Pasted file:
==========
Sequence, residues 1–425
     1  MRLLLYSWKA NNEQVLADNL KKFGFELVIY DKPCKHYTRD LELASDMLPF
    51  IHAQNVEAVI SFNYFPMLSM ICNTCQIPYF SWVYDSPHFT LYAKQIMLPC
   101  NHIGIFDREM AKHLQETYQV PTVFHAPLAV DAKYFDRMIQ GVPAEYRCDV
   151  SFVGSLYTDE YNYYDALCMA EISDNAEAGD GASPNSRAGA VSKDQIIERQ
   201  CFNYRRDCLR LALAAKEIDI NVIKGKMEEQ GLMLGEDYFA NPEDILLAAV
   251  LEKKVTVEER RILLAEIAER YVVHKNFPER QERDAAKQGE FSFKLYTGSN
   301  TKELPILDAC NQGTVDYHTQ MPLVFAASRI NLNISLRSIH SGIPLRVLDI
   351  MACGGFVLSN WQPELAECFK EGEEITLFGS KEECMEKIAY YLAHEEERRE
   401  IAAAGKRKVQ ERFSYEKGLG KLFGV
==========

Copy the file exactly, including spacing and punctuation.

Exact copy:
Sequence, residues 1–425
     1  MRLLLYSWKA NNEQVLADNL KKFGFELVIY DKPCKHYTRD LELASDMLPF
    51  IHAQNVEAVI SFNYFPMLSM ICNTCQIPYF SWVYDSPHFT LYAKQIMLPC
   101  NHIGIFDREM AKHLQETYQV PTVFHAPLAV DAKYFDRMIQ GVPAEYRCDV
   151  SFVGSLYTDE YNYYDALCMA EISDNAEAGD GASPNSRAGA VSKDQIIERQ
   201  CFNYRRDCLR LALAAKEIDI NVIKGKMEEQ GLMLGEDYFA NPEDILLAAV
   251  LEKKVTVEER RILLAEIAER YVVHKNFPER QERDAAKQGE FSFKLYTGSN
   301  TKELPILDAC NQGTVDYHTQ MPLVFAASRI NLNISLRSIH SGIPLRVLDI
   351  MACGGFVLSN WQPELAECFK EGEEITLFGS KEECMEKIAY YLAHEEERRE
   401  IAAAGKRKVQ ERFSYEKGLG KLFGV